p.s. On Sunday morning we walked to the playground for one last romp with Christopher. Low and behold a sailboat appeared in the water between Mill Rock Park and the point of land that holds Hellgate field. Bone in her teeth and running on the ebb tide she swept under the Triborough (Robert F. Kennedy) Bridge looking as if she was doing every bit of 10 knots. In just a few minutes she was past 20th Avenue and out of sight. Whoever was on the helm made it look easy.

P.s.s. I actually consider myself more of a C.L.O.D; cruiser living on dirt. (See above.)

Thursday, April 8, 2010

The One

A co-worker of Tim's had been single for a long time and a lot of their time in the cockpit was filled with his conversations about the state of his dating life.  Each new girl that happened along seemed to be "the one". A few weeks ago we attended his wedding to a lovely bride, and from the look in his eyes she was indeed "the one".

I feel a bit like this sometimes as Tim and I look at boats.  We have a list of qualities we'd like to have in our final choice and even a scoring system to try to determine how each boat stacks up against it.  All well and good for a mechanical unit, but after listening to all the old salts at the marina expound on the virtues of various sailing traits, hulls, berths, heads lifelines and engines, I keep coming back to the same idea in my head, the one that says I need to love this boat.  A modified fin keel, good solid dodger, bulkhead table, and separate shower are all well and good, but ultimately there has to be a connection, a smile on my face when I see her at the dock, a knowledge that this is home.  We haven't found "the one" yet, but just like Tim's coworker, I think you'll see it in our eyes when we do.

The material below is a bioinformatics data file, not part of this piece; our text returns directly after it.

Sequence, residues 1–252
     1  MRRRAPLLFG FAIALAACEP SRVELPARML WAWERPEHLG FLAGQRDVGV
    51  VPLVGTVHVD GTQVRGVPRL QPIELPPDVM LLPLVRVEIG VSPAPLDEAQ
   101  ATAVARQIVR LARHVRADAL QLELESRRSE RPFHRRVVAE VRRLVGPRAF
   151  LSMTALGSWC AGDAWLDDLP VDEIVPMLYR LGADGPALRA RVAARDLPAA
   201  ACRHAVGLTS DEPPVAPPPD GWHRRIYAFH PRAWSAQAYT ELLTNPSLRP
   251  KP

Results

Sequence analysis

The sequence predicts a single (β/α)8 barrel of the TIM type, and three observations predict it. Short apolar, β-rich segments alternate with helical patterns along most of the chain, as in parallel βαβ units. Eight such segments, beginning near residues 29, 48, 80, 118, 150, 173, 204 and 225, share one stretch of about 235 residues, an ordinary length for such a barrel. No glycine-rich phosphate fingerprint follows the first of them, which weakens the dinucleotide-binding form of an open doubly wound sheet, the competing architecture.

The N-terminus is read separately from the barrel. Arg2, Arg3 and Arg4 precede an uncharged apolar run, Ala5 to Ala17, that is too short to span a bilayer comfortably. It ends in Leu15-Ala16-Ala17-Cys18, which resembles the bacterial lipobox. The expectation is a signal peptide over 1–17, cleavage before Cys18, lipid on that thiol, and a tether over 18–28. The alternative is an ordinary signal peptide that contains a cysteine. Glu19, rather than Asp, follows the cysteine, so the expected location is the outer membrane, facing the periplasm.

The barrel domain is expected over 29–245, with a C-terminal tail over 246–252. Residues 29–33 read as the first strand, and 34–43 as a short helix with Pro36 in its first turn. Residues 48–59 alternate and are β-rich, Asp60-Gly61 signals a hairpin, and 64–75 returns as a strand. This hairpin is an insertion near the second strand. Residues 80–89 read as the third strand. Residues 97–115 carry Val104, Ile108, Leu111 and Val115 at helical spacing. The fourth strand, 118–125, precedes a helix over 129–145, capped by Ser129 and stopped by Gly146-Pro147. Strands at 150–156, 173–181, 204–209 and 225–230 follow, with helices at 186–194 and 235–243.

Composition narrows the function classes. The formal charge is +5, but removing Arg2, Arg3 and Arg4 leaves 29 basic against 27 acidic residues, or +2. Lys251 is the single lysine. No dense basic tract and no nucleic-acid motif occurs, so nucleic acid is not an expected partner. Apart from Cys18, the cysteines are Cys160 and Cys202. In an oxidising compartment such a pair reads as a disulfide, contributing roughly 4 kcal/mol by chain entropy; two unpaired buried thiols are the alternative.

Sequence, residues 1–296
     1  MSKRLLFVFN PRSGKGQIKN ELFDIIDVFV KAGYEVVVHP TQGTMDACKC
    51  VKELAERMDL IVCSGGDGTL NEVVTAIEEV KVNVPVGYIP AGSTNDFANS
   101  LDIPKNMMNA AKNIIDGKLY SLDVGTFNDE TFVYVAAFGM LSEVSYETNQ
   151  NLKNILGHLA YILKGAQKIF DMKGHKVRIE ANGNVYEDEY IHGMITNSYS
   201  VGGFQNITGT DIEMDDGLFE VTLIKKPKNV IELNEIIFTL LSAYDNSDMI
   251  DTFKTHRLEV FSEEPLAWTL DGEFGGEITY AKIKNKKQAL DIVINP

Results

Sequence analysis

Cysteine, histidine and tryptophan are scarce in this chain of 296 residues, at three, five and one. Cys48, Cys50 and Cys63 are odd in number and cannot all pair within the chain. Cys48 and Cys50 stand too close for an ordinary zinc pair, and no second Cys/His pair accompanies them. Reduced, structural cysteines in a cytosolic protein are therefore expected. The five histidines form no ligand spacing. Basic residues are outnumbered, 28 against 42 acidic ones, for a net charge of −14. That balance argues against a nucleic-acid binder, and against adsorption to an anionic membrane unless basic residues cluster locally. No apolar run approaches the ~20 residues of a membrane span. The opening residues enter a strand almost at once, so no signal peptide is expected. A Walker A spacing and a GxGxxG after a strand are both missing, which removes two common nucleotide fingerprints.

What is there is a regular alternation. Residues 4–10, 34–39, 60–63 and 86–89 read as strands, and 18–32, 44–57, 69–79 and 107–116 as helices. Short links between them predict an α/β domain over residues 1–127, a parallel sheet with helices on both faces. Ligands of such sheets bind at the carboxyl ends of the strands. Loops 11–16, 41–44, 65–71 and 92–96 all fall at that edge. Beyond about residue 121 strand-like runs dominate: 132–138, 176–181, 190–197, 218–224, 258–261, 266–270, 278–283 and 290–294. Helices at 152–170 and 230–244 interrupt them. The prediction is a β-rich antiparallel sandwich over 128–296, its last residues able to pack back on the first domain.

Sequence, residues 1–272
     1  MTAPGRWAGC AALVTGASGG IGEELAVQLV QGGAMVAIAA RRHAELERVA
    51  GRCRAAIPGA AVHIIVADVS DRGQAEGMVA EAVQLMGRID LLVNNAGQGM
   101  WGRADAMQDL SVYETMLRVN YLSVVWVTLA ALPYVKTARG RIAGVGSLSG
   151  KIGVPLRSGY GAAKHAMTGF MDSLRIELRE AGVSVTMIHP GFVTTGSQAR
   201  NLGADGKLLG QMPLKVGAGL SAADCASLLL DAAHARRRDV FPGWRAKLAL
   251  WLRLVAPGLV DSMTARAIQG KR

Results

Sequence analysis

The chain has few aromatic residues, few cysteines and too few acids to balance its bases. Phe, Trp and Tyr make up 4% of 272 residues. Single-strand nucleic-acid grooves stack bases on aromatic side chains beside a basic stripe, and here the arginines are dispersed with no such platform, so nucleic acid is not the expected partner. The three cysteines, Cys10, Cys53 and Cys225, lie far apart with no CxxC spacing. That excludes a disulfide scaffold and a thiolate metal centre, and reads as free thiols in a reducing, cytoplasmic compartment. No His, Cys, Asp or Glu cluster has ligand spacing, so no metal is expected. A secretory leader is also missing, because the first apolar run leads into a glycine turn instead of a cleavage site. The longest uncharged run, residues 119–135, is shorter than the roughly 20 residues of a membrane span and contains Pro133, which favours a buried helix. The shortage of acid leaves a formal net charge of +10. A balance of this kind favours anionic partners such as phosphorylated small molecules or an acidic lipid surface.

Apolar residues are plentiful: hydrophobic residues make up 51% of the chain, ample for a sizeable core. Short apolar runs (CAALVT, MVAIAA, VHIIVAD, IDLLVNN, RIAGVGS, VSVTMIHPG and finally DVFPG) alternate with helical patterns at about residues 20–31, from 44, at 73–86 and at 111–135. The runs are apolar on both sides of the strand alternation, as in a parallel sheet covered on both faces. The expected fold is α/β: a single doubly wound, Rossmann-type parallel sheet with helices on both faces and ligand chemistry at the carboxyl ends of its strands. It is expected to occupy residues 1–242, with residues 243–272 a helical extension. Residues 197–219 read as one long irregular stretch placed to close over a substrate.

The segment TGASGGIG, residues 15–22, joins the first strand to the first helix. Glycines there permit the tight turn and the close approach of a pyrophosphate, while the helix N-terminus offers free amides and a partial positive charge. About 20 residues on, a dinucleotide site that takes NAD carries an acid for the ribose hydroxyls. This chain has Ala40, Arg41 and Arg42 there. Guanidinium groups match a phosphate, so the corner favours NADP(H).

One nice thing about boats.  They're never boring.  The past few weeks have been a long list of "firsts" but perhaps the most memorable one was today.  Tim did his first line splice and it turned out awesome: